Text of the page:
The upcoming year, 2017 is dubbed by many “the year human resource technology will break its glass ceiling”. HR professionals are increasingly welcoming of new tech and this has changed the way employee engagement, performance measurement, and data analysis are done. Not to worry though, the industry has already traversed the hardest part of this change and given it a name – Human Resource Information Systems (HRIS).
The new name may have some of you thinking “OK, it has information systems in the name so it’s for the IT department to worry about”. Don’t let the name mislead you. IT departments are not measured by employee recruiting, retention, and engagement metrics. You are.
So it doesn’t matter how much, or what kind of technology gets implemented into the human resource management processes. The responsibility for the success or failure of said technology to improve the processes – will fall on the shoulders of the HR department.
It’s hard to miss all the hype about millenials taking over the workplace. By 2020, about half of all workers in the US will be millenials. Millenials have become a controversial topic in HR circles. Many studies have claimed that millenials don’t stick around and jump from job to job. Some have gone as far as calling them out right lazy. However, there is one consensus when it comes to millenials, they grew up in a technological world and are much more tech savvy than previous generations.
As millenials start to take up managerial positions in organizations, the inherent fear that their predecessors had of technology will remain. We can expect that HRIS systems to penetrate low-tech small businesses, where technology has been greeted with more than a healthy degree of fear.
The new millenial HR managers consider technology is a friend of HR, not a foe. For them, it’s clear we’re not getting replaced by recruitment and engagement bots anytime soon. But, that doesn’t mean the future won’t require HR pros to adjust.
So what does this futuristic HR professional look like?
I’ll start with the most obvious trait of our HR technology professional – tech-oriented, and even a little bit (or a lot) geeky. That means that they are not just proficient in the use of popular HR management platforms and online services. It means that the ideal HR professional has the ability to learn systems, adjust to them, and maximize their potential with ease.
Talent analytics is a hot buzzword in HR, but sophisticated algorithms and big-data solutions are many, and choosing the right ones can often the main challenge. The HRtech professional must know how to analyze the data. Although it sounds a bit recursive, being able to analyze data and then make suggestions or take actions to improve the effectiveness of HR information systems, their implementation, and effect is a crucial skill the HRtech pro will need in the upcoming years.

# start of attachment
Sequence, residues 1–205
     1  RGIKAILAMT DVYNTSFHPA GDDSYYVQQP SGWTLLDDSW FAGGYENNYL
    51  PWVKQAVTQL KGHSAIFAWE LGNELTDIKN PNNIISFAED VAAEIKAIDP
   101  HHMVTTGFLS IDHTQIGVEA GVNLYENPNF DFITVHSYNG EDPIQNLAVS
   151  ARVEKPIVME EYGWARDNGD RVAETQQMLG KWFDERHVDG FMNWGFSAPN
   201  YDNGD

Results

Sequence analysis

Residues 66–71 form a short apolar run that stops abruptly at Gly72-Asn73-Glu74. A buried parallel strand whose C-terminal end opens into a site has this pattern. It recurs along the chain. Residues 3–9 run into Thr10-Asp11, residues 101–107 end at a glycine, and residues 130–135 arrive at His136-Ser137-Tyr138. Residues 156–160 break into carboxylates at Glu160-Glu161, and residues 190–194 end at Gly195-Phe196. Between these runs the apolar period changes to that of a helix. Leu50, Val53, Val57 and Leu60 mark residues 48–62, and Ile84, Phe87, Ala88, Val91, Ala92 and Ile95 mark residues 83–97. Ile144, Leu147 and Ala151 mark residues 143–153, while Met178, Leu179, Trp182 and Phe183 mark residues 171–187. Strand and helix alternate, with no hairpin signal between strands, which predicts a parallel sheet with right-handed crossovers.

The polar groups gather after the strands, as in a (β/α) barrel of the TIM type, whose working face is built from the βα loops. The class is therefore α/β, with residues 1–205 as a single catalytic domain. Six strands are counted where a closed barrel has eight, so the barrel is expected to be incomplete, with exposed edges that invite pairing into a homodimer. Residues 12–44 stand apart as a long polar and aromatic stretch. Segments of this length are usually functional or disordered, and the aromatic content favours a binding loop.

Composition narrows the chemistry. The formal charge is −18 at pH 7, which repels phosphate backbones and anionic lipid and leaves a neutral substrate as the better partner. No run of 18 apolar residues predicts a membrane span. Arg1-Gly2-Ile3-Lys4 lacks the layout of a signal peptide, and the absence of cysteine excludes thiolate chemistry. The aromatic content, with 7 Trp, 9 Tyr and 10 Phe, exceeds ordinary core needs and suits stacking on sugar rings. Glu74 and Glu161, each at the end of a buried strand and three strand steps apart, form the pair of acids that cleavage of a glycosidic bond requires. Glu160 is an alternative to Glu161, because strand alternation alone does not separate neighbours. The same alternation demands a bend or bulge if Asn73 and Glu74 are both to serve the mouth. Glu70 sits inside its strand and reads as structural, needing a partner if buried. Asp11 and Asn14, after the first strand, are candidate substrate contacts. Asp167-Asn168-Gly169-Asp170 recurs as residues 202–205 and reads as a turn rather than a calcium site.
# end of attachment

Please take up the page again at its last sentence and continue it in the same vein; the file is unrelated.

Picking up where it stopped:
If you think your work already demands you to juggle too many ball – you’re not going to like the future. HRtech will usually integrate with many other technologies across department. You’ll need to be able to work with multiple systems and platforms, coordinate information between them… And all this, while keeping up with updates and innovation in the HR tech field and corporate strategies and their interaction with HR activities. Not easy, but you’ll agree that multitasking is a helpful skill for any employee, especially one with many duties and responsibilities – like the HR manager.
With the right technology (and of course, the right HR manager), corporate strategy, HR strategy and IT strategies are synchronized. By having a clear understanding of company goals, and the role of HR in fulfilling them, you can choose the right technological tools and apply them correctly.
Some in the field, might find themselves worried that the technological advances in HRtech could leave them out of a job. After all, studies do show that machines are better than people at choosing candidates for jobs. But some things machines will never be able to. Beyond the obvious need for human touch in human resources (human – it’s right there in the name!), machines have yet to perfect their ability to be creative. The HRtech pro uses technology in creative ways to hire and manage talents, as well as engage employees across communication channels.
Another thing computers still can’t do (and we’re all pretty grateful for that, as humans) is lead. Technology can empower HR teams in decision making but inevitably it’s up to the HR manager to integrate these tools and solutions into the work processes. Since innovation cannot be forced, it’s the role of the HRtech professional to lead the team forward and have IT follow and support.
Welcome in HRtech
Human resources will always be about humans. But a plethora of technological solutions offer us smarter ways to sort through CVs, rate employee performance, and engage company employees across the globe. The new HR tech pro needs to be like a Jaco-of-all-trades type handyman who can handle a large selection of tools. This vast selection can get confusing, and so when it comes to selecting and implementing HR technologies – many HR managers leave it to the IT department. Which is a mistake, as IT cannot fully assess the needs and goals of HR (no matter how hard they may try).
At the end of the day, the role of the HR technology professional is to find the perfect alignment of corporate strategy, HR goals, and HR tech implementation. It’s no easy task, but it’s what the future demands.